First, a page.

Workshopping can be, hands down, the best thing ever. Notice I’ve gone for ‘can be’, there, rather than ‘is’. And I’ll tell you for why:
Getting your work read by other writers is always a privilege. There’s no arguing that one. People who write tend to read differently, and you need both sides of the coin. But if the person reading is scared of causing offence, you might as well not bother.
When we workshopped on the MA, at first we were all guilty of being too nice. We’d start our comments with positives. Sprinkle critique on the edges. Or just leave it written on the page, never spoken out loud. As time went on, we started delivering ‘sh*t sandwiches’, sometimes with compliment mayonnaise. Then the second year happened.
This weekend I met with two amazing writers for a Workshopping session. We’d all done the MA. We’d all learnt to take it on the chin. So, we were all brutal. We laughed at each other’s work. We mocked it. Scribbled lines out. Shook our heads and played Devil’s Advocate. It was wonderful. There’s nothing like a fellow writer pointing at your work and telling you he expected better, and what were you thinking? It sounds odd, to have your novel dragged through this painful process, but no matter how closely you read your own work, there’s no telling how it’s going to be received by a fresh pair of eyes.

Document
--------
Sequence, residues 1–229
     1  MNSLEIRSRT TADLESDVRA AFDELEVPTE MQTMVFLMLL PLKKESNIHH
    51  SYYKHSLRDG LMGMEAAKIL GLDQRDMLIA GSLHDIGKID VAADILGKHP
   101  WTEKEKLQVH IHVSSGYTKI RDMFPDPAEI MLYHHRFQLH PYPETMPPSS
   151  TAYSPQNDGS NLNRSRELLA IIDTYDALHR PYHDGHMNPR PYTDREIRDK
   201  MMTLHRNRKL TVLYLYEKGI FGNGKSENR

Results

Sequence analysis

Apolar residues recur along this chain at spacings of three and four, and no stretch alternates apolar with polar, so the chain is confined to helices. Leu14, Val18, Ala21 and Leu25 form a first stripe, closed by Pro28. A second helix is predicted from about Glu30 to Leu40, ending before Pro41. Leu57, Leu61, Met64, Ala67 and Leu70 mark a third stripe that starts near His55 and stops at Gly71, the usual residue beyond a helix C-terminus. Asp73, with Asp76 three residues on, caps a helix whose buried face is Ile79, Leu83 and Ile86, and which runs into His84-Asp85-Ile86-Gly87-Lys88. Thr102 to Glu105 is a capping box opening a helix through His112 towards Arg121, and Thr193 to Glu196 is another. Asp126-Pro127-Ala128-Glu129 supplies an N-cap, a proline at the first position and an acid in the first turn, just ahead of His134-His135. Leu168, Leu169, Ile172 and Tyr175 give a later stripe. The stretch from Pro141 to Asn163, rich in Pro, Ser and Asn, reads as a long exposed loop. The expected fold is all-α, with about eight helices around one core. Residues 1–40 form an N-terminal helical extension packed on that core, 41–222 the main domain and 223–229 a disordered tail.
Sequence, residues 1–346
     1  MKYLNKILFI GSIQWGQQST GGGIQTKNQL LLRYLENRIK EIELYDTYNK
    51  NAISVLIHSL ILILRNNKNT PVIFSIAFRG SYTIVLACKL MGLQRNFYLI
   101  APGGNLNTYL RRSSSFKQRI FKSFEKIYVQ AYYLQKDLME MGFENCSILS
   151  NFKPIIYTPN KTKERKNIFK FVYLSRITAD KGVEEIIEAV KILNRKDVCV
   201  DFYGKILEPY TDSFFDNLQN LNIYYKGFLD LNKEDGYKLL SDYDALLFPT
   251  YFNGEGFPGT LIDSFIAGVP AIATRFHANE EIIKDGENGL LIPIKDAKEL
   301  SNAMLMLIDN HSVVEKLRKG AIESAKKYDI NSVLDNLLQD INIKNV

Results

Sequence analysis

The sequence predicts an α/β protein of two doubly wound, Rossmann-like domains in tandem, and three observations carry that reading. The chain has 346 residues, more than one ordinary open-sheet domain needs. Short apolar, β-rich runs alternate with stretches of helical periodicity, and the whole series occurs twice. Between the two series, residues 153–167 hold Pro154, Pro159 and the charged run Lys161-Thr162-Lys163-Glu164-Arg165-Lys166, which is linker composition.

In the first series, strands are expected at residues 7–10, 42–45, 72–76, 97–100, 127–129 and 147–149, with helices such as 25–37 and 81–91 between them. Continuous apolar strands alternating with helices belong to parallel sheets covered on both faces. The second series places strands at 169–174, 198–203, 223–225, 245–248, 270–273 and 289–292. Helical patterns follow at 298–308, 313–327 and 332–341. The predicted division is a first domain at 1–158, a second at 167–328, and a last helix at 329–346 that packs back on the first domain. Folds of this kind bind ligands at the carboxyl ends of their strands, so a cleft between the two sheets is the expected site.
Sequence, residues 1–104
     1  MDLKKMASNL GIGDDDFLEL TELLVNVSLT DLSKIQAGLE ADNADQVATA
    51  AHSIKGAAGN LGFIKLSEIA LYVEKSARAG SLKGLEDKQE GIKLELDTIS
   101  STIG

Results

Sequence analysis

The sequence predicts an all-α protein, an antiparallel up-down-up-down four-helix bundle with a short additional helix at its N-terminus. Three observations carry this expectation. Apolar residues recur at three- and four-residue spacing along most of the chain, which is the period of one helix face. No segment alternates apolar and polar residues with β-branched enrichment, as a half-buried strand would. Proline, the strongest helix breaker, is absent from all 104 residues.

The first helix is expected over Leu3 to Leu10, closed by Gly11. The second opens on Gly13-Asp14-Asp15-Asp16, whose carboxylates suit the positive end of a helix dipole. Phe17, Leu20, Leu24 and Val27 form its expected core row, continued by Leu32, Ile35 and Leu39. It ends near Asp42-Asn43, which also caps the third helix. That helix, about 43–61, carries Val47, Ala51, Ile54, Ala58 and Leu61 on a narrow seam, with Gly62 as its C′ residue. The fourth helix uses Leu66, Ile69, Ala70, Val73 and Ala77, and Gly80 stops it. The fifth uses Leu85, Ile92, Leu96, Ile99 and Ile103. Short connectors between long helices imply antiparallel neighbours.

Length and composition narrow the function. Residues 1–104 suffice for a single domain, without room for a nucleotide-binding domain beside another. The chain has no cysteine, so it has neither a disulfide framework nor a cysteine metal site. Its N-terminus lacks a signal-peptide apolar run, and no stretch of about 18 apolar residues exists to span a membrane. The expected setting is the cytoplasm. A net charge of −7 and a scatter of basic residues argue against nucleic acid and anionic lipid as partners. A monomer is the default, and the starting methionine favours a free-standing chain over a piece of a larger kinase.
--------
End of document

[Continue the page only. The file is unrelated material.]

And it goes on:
So my final suggestions would be these: find people you can be honest with. Honest to the point of rudeness. If they can cope with you laughing at their sentence structure, you can cope with them sneering at and pointing out your repetition. Put the hours in. Spend a long time reading and ‘marking’ one another’s work. Spend longer in the workshop itself. A day, if you can manage it. Hours, at least. Get picky. You will reap what you sow. If you want in-depth critique, you’re going to have to dish it out. And lastly, don’t get offended. They’re not criticising you. Just your work. And yes, those are separate things!